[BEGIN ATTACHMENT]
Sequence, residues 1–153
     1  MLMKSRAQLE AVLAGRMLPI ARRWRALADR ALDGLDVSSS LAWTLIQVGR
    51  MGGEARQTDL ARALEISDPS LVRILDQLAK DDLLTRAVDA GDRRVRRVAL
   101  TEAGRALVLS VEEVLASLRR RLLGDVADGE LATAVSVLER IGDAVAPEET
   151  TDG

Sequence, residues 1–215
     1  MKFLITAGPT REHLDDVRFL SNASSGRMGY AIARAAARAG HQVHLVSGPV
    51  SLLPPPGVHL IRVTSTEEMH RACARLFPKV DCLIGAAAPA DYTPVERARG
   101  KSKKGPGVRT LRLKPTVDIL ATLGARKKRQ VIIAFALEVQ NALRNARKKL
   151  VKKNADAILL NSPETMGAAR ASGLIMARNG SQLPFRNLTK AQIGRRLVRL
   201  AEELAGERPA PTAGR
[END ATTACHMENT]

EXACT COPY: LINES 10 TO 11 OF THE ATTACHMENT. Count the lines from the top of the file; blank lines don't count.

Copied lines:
   151  VKKNADAILL NSPETMGAAR ASGLIMARNG SQLPFRNLTK AQIGRRLVRL
   201  AEELAGERPA PTAGR